In her discussion on women, Capetillo highlights the gendered pressures that women face. In today’s media many of these gendered roles are fought against, accepted, and joked about. Parks and Recreation, an NBC comedy series, features main character Leslie Knope, who consistently reiterates her feminist stand and fights for what she believes in. In the episode of discussion today, Leslie’s husband, Ben, is running for Representative of Indiana, and Leslie’s position of wife to the candidate brings with it gendered expectations and antifeminist pressures that Leslie has fought to denounce for years. The episode is entitled “Pie-Mary” because Leslie, along with all the other wives of candidates, is supposed to take part in a pie baking contest. This assumes not only that all the wives care to or can bake, but that all the candidates are heterosexual males. Specifically in the scenes featuring Ben and Leslie, Capetillo’s back and forth, somewhat sarcastic, arguments of what a woman is expected to be are reflected.
In this episode of Parks and Recreation, Leslie Knope is criticized of shirking her motherly roles by working and being independent, mirroring Capetillo’s argument for the working woman. According to the progressive views of 1910 by Capetillo, “the European woman aspires to public office, to government, to administering towns, without losing her feminine personality, nor her motherly and wifely duties;” however, in the 2015 episode of Parks and Recreation, Leslie is criticized for being a bad mother because of her independence and career and pressured into joining in gendered customs that she does not agree with, showing that maybe not all that much has changed in a century (Capetillo 19). Parks and Recreation hilariously plays off the idea reflected in Capetillo’s work “that women in the public sphere and workplace would lose ground, jeopardizing their home, their family and their children” (19). In the episode Leslie is repeatedly interrogated about her family and whether she actually loves her children simply because she is an independent woman with a career. Leslie is accused of hating her family and thinking that women who love their families are stupid solely because she will not engage in the pie baking activity.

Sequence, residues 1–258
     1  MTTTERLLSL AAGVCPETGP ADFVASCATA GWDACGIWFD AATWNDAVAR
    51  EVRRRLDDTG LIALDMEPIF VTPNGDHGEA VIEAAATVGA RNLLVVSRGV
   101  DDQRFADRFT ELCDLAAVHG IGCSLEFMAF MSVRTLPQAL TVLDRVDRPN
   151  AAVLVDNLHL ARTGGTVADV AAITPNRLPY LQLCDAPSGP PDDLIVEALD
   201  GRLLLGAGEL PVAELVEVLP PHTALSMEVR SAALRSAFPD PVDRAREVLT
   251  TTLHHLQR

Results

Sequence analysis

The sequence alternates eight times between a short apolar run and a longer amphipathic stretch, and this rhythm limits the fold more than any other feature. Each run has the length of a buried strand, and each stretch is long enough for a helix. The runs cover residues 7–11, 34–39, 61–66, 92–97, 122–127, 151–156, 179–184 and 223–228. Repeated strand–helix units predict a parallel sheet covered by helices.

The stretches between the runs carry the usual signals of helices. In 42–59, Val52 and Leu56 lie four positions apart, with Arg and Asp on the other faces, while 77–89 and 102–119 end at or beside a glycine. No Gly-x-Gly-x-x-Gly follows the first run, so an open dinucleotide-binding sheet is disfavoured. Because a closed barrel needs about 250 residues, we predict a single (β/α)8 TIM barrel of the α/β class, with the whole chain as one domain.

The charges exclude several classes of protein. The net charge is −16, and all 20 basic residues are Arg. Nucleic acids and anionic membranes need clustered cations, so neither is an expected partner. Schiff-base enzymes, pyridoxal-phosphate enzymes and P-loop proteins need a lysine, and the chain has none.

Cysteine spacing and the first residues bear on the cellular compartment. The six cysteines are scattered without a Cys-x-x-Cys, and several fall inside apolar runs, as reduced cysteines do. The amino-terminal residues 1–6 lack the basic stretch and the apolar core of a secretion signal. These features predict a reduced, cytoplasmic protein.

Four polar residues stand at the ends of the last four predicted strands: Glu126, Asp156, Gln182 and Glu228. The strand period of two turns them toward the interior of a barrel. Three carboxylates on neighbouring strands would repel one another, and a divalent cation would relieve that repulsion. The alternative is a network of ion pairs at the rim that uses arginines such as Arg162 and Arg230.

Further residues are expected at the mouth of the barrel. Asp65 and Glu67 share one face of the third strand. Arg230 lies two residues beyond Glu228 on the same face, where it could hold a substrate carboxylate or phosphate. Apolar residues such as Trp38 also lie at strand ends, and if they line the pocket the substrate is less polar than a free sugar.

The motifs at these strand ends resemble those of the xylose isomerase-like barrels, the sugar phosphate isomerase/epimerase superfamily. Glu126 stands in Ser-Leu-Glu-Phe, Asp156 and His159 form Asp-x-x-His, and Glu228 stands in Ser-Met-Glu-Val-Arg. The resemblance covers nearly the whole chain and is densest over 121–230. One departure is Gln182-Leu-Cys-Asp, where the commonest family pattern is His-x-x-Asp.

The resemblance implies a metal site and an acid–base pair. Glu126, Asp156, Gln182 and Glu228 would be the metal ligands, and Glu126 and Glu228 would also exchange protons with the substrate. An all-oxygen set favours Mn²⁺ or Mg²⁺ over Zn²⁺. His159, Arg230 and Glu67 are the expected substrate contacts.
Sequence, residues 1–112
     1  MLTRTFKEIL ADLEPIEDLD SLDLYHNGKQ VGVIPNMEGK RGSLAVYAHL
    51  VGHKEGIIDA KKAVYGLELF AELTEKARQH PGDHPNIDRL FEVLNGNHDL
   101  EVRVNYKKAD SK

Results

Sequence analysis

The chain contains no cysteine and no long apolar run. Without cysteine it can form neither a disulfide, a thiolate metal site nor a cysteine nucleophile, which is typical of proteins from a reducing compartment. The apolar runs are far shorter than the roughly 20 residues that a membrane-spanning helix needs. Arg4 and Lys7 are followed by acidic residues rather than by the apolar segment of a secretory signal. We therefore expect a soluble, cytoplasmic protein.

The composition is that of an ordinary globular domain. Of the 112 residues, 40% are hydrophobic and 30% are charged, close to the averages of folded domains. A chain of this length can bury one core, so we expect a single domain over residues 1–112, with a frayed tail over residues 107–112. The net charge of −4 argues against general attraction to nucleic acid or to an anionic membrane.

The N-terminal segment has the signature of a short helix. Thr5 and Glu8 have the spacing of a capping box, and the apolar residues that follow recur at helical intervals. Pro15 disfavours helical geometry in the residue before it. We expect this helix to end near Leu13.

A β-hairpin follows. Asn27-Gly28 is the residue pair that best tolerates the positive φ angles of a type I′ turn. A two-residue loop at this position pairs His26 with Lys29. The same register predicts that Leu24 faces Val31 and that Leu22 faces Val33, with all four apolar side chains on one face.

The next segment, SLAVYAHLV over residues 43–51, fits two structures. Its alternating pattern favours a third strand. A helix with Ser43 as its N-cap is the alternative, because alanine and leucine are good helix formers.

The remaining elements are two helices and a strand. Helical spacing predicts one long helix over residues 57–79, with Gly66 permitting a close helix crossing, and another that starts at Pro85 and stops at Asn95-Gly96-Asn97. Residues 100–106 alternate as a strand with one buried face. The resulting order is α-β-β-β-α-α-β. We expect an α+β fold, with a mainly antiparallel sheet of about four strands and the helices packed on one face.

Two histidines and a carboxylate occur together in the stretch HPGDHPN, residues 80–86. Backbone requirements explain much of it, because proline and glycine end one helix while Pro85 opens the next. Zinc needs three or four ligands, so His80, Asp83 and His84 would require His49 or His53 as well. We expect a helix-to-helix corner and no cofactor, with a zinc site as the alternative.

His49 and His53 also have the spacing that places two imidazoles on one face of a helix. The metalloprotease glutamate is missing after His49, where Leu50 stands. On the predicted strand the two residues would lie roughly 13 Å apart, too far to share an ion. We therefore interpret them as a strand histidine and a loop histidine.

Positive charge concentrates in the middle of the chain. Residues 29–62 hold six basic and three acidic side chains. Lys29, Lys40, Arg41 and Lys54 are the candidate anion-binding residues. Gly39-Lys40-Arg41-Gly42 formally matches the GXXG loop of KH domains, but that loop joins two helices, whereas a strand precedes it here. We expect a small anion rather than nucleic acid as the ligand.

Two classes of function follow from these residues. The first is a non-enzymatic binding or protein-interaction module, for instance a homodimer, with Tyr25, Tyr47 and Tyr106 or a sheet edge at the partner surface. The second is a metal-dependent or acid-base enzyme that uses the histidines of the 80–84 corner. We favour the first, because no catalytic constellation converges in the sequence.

Capetillo draws upon this idea that society expects an unreasonable balance of ideals for the perfect woman, which is reflected in the differing views of various group leaders on Parks and Recreation. Capetillo delivers an exhausting list of what is expected of a woman, wife, and mother (9). By the end of the first few pages, we as readers are mentally and physically drained at thinking about what women had, and still have, to maintain in society. Women are supposed to consist of multiple different personality traits that are in opposition and are acceptable only at certain times or in certain places or in certain company. And on top of that, the woman must not acknowledge these traits within her so as to seem humble and modest. It seems that everyone except the woman is meant to be happy and benefit from her existence. In Parks and Recreation we get to visibly experience this tug from all ends that Leslie experiences. No matter what she seems to choose, nobody in her society can be content. Every outcome or opinion sparks controversy and more often than not, all parties involved are unhappy. During one part of the show, many different activist and anti-activist groups are on a talk show, and every group has something different to complain about. Either Leslie is being too progressive, or not progressive enough, or simply being a woman with a voice, God help us. Just like with Capetillo’s description of the ideal woman, Leslie is trying to make everyone happy, failing, and in the end she is not happy with herself until she decides to finally speak what she believes in and argues for everyone to simply be their own person.